For some people, they’re the recipe for one heck of a party. For others, they’re dangerous, one-way tickets to trouble that deserve their illegal status. But regardless of how people view them, and whether or not governments and policy makers like to admit it, psychoactive drugs are starting to show great promise as effective therapies for various mental health problems, and could well be a key to furthering our understanding of consciousness.
Take Ketamine, or ‘Special K’ as it is colloquially known. It’s already widely used in clinical settings as an anesthetic in both animals and humans, but studies are also highlighting its remarkable ability to treat depression, bipolar disorder and suicidal behavior. Not only that, but it is also super-fast acting, exhibiting potent antidepressant effects in as little as just two hours.
But that’s not all: Cannabis has shown potential in the treatment of attention deficit hyperactivity disorder and insomnia; the active compound of magic mushrooms, psilocybin, could be useful in treating addiction, obsessive-compulsive disorders and depression; MDMA could help those with post-traumatic stress disorder or Parkinson’s; and LSD could help anxiety, alcoholism and even inflammatory disorders. It’s quite an impressive list.
Unfortunately, despite these promising early studies, there is a major barrier in this field of research: attitudes towards drugs, at least in the U.K., make it very difficult to conduct such studies. Not only are funding bodies cautious about giving away their cash to such experiments, but restrictions and regulations are also very difficult to get around. Consequently, despite the huge potential for these drugs to be used in clinical settings, the dogma and fear surrounding their use is a significant obstacle.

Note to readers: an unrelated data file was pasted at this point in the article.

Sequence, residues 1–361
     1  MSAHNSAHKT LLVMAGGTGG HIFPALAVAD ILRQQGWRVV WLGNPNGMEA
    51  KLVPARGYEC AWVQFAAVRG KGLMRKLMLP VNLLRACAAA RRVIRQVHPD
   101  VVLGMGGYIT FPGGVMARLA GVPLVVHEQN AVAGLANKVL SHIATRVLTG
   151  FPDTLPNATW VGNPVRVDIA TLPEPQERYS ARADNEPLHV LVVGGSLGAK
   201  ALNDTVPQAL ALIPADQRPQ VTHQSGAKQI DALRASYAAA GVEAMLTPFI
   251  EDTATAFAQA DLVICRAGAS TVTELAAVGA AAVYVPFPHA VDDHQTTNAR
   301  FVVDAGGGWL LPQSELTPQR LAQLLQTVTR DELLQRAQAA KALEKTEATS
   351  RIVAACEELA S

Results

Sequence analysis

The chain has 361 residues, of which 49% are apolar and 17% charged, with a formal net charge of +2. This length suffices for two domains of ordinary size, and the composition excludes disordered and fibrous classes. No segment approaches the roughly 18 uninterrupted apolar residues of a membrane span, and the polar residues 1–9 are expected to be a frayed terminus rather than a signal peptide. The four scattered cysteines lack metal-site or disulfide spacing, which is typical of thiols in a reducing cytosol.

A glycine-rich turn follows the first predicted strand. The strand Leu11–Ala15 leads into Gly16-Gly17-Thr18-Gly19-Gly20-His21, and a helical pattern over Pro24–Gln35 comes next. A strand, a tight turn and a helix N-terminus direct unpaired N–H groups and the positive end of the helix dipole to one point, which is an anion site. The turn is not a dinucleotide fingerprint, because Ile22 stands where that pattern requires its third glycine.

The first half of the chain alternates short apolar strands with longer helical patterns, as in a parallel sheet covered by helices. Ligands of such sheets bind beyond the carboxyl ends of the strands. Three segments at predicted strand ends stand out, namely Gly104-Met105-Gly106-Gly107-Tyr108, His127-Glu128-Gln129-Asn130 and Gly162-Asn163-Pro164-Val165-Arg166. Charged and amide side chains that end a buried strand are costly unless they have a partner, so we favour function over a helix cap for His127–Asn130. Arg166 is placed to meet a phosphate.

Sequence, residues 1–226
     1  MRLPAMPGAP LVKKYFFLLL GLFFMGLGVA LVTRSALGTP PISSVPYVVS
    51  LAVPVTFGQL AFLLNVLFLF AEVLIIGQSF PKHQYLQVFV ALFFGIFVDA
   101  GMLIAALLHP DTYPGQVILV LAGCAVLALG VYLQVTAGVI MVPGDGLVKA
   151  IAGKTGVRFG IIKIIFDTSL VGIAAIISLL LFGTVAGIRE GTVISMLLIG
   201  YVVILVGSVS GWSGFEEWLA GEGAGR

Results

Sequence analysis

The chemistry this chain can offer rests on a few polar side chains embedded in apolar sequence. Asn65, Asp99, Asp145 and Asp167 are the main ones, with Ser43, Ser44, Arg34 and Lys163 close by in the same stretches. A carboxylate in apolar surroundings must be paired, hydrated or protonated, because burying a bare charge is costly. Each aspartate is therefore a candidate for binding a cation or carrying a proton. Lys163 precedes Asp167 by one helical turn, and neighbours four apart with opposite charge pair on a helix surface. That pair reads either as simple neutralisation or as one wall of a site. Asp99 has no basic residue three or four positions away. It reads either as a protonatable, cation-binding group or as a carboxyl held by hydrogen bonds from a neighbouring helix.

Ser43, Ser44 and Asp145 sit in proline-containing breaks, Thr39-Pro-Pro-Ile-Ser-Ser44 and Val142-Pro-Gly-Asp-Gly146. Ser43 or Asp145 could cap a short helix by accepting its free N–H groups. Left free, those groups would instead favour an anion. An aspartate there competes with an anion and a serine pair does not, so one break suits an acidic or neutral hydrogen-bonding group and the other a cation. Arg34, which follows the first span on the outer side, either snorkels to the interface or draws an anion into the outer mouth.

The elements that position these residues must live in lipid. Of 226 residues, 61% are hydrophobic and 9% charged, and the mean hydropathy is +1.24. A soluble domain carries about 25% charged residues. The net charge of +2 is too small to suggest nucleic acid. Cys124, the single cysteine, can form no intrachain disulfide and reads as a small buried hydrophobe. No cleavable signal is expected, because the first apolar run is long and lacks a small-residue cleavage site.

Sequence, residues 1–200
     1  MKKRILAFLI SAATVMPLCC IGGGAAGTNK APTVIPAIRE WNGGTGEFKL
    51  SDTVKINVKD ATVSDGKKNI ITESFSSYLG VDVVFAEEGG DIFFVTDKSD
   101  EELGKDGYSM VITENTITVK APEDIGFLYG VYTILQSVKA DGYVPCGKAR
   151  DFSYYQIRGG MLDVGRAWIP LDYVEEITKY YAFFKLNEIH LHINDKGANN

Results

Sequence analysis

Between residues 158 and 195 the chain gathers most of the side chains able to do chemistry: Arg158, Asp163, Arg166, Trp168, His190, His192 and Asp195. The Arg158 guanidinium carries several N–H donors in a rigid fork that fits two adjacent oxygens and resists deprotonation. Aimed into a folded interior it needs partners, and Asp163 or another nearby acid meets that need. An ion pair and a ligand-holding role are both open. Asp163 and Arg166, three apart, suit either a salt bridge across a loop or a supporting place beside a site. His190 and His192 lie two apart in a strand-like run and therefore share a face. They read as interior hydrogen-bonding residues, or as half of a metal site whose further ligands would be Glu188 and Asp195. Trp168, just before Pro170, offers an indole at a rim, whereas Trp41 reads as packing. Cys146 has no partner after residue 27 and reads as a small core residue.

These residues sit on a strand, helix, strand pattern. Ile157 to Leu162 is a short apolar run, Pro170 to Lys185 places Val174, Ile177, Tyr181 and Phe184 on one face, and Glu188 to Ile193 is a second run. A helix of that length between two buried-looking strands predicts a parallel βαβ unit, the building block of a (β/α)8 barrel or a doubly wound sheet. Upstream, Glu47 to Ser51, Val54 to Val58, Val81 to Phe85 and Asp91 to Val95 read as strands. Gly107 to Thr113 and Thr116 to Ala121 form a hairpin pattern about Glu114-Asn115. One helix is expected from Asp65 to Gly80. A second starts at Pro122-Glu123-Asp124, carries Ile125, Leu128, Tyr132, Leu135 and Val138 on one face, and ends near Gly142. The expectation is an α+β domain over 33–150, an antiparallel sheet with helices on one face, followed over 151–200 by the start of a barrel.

In spite of this, there are some people who are endeavoring to conduct human research on psychedelic drugs, especially LSD, Ketamine and psilocybin. Alongside investigating their potential use as therapeutics, scientists also hope that by studying how they affect the brain in controlled settings, we could unlock some of the mysteries of consciousness.
One such scientist who is keen to delve deeper into the human mind through these drugs is Imperial College London's David Nutt, esteemed professor of neuropsychopharmacology and the former government chief drug adviser. Given the ongoing struggle for academics to secure grants for research, and the prudence of funding bodies when it comes to research involving human use of illicit substances, Nutt is now reaching out to the public through the start-up science crowdfunding platform Walacea to continue his LSD research, which has resulted from a collaboration with Imperial College London and the Beckley Foundation.
“Despite the incredible potential of this drug to further our understanding of the brain, political stigma has silenced research,” Nutt said in a news release, referring to the fact that since LSD was banned, there has only been one clinical trial on LSD. “We must not play politics with promising science that has so much potential for good.”
So far, Nutt has already administered 20 subjects with a moderate dose of LSD and conducted imaging studies on its effect in the brain using a combination of fMRI and MEG. Both of these measure brain function, but the former takes snapshots of brain activity, whereas MEG is more like recording a video.
They predict that LSD may behave in a similar way to psilocybin, reducing blood flow to the control centers of the brain and thus dampening their activity, which ultimately enhances brain connectivity. In doing so, psilocybin seems to help brain regions that are normally distinct begin to communicate with one another, which could be why we see an increase in creativity with the use of this substance. However, we won’t know if LSD works in a similar manner until the second stage of the study is completed, and that requires the public to dig deep into their pockets.